At Rutgers Cancer Institute of New Jersey, our experts are among the nation’s most experienced in treating blood cancers with immunotherapy and other cellular therapies, particularly the breakthrough cancer treatment CAR T-Cell therapy.
What is CAR T-Cell therapy and how does it work?
CAR T-Cell therapy is a type of immunotherapy that uses a patient’s own immune cells to fight cancer. Doctors collect T-cells from a patient’s blood through an infusion-like process called apheresis, and the cells are sent to a laboratory. In the lab, scientists modify the T-cells by adding a special receptor called chimeric antigen receptor (CAR) which enables the modified T-cells to seek out and kill cancer cells. The patient’s reengineered CAR T-Cells are returned to them through an infusion, and the cells begin to multiply and attach to cancer cells to destroy them.
What types of cancer are treated with CAR T-Cell therapy?
Currently, CAR T-Cell therapy is approved by the FDA for:
- Adults with relapsed or refractory multiple myeloma (and have completed at least four previous treatments).
- Adults with relapsed or refractory B-cell lymphomas, including diffuse large B-cell lymphoma, mantle cell lymphoma, and follicular lymphoma.
- Adults and children with relapsed or refractory acute lymphoblastic leukemia.
Why choose Rutgers Cancer Institute of New Jersey for CAR T-Cell therapy?
Rutgers Cancer Institute of New Jersey is one of the few institutions in the United States, and the only NCI-designated Comprehensive Cancer Center in New Jersey, to offer CAR T-Cell therapy.
CAR T-Cell therapy is offered only at centers that perform stem cell transplants, are certified by the Foundation for the Accreditation of Cellular Therapy (FACT), and have specially trained clinicians and healthcare professionals to administer the treatment. Offered in collaboration with Robert Wood Johnson University Hospital, the Blood and Marrow Transplant and Cellular Therapies Program at Rutgers Cancer Institute is one of the first programs in the state to meet these requirements. Our clinicians lead the way in knowledge, expertise, and experience in administering highly specialized and advanced therapies to treat benign and malignant blood disorders.
What are some advantages of CAR T-Cell therapy?
One of the major advantages of CAR T-Cell therapy is the short treatment time needed – administered with a single infusion that may require at the most, two weeks of inpatient care, and then it’s done. Because aggressive chemotherapy is not used, most patients have a much more rapid recovery than after stem cell transplants in which aggressive chemotherapy is used. At some point in the future, CAR T-Cell therapy may even replace most types of transplants but at the current time, CAR T-Cell therapy is approved for the treatment of patients in whom transplant is not likely to be curative or in patients who relapse after transplant.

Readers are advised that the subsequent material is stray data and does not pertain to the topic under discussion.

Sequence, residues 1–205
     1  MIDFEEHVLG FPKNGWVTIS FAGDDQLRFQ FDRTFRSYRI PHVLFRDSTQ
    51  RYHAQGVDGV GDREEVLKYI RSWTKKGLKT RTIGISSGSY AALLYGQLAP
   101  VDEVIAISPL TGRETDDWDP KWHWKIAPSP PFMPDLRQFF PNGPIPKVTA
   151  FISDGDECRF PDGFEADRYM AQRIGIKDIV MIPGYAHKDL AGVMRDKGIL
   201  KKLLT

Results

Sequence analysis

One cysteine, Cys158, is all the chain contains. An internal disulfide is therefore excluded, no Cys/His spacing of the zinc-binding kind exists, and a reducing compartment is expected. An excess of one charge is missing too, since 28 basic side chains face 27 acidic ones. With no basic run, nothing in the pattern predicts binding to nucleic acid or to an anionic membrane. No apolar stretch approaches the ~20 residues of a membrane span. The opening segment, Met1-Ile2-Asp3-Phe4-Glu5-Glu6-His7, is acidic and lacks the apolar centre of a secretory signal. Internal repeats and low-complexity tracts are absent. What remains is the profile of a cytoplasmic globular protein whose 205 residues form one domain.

Clinical trials in blood cancers have shown that even in patients whose cancer came back after multiple treatments, CAR T-Cell therapy helped them achieve remissions that lasted for years. Others can live longer without their cancer getting worse, and in some cases can then benefit from curative cancer treatment such as stem cell transplantation.
CAR T-Cell therapy is also a “living drug”, and its benefits can last for many years. Since the cells can persist in the body long-term, they may recognize and attack cancer cells if and when there’s a relapse. The data is still evolving, but after 15 months, 42% of adult lymphoma patients who received CD19 CAR T-Cell therapy were still in remission. And two-thirds of childhood acute lymphoblastic leukemia patients were still in remission after six months. These are patients whose cancers were deemed very aggressive and for whom other standards of care had failed.
What are the side effects of CAR T-Cell therapy?
The most common side effect of CAR T-Cell therapy is called cytokine release syndrome, or CRS. It’s also known as a “cytokine storm.” About 70-90% of patients experience it, but it generally only lasts about five to seven days. Most patients describe it as having a severe case of the flu, with high fever, fatigue and body aches. It usually starts around the second or third day after the infusion. It happens because the T cells have been multiplying and attacking the cancer, causing an immune response in the body. There’s a very effective remedy for CRS called tocilizumab, which reverses this side effect in most patients fairly quickly. The medicine was originally used to treat rheumatoid arthritis, but has since been approved by the U.S. Food and Drug Administration (FDA) to treat CRS.
The other side effect is known as “CRES,” which stands for “CAR T-Cell-related encephalopathy syndrome.” It typically starts around day five after the infusion. Patients can become confused and disoriented, and sometimes may not be able to speak at all for a few days. CRES can be upsetting for patients and their families, but it typically is completely reversible.
Read more about receiving CAR T-Cell therapy at Rutgers Cancer Institute of New Jersey and Robert Wood Johnson University Hospital.
Tennica Johnson Campbell found hope in a CAR T-cell therapy clinical trial